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17
Reducing the Space Requirement of Suffix Trees
 Software – Practice and Experience
, 1999
"... We show that suffix trees store various kinds of redundant information. We exploit these redundancies to obtain more space efficient representations. The most space efficient of our representations requires 20 bytes per input character in the worst case, and 10.1 bytes per input character on average ..."
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Cited by 117 (10 self)
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We show that suffix trees store various kinds of redundant information. We exploit these redundancies to obtain more space efficient representations. The most space efficient of our representations requires 20 bytes per input character in the worst case, and 10.1 bytes per input character on average for a collection of 42 files of different type. This is an advantage of more than 8 bytes per input character over previous work. Our representations can be constructed without extra space, and as fast as previous representations. The asymptotic running times of suffix tree applications are retained. Copyright © 1999 John Wiley & Sons, Ltd. KEY WORDS: data structures; suffix trees; implementation techniques; space reduction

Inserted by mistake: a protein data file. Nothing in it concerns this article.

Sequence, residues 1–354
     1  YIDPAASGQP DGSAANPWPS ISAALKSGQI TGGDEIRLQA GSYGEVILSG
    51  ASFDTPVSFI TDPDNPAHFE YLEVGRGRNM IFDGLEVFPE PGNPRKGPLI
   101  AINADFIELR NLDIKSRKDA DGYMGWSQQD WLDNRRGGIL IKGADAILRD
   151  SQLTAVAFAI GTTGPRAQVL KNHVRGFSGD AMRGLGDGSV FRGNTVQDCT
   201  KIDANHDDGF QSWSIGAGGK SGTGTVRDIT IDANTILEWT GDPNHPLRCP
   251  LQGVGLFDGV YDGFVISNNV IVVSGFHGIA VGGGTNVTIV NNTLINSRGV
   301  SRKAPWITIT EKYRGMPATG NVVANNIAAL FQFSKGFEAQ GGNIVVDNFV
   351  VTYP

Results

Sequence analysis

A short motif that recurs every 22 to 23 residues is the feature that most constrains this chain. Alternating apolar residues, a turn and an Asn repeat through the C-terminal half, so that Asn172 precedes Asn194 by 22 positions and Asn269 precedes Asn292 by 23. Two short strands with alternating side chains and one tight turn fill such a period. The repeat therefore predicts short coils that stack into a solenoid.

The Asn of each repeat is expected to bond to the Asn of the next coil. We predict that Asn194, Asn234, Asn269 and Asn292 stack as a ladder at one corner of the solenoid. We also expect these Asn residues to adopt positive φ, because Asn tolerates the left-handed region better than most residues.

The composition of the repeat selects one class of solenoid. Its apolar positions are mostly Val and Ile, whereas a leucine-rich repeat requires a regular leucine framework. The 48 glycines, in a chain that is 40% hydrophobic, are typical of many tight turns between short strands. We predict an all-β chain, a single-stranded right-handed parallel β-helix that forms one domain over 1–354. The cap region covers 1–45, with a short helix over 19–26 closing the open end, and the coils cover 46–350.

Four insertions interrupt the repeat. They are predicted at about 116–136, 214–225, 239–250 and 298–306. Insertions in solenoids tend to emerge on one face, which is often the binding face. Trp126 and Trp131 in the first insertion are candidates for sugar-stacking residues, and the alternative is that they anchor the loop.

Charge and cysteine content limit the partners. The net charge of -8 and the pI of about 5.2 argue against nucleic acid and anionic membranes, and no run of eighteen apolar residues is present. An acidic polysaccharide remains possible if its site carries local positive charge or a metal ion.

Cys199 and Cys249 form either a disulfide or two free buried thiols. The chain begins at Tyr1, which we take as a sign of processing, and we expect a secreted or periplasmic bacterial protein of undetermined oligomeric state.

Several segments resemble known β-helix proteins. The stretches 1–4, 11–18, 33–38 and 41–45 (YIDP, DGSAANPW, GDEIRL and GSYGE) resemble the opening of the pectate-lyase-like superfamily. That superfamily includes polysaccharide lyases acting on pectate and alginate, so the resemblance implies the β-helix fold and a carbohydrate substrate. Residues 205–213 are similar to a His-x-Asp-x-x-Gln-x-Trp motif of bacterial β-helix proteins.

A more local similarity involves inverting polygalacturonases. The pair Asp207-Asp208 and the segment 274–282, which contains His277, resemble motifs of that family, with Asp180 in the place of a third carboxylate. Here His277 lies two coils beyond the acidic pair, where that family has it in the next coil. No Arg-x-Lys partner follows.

Boosting textual compression in optimal linear time
 Journal of the ACM
, 2005
"... Abstract. We provide a general boosting technique for Textual Data Compression. Qualitatively, it takes a good compression algorithm and turns it into an algorithm with a better compression Extended abstracts related to this article appeared in Proceedings of CPM 2001 and Proceedings of ACMSIAM SOD ..."
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Cited by 39 (19 self)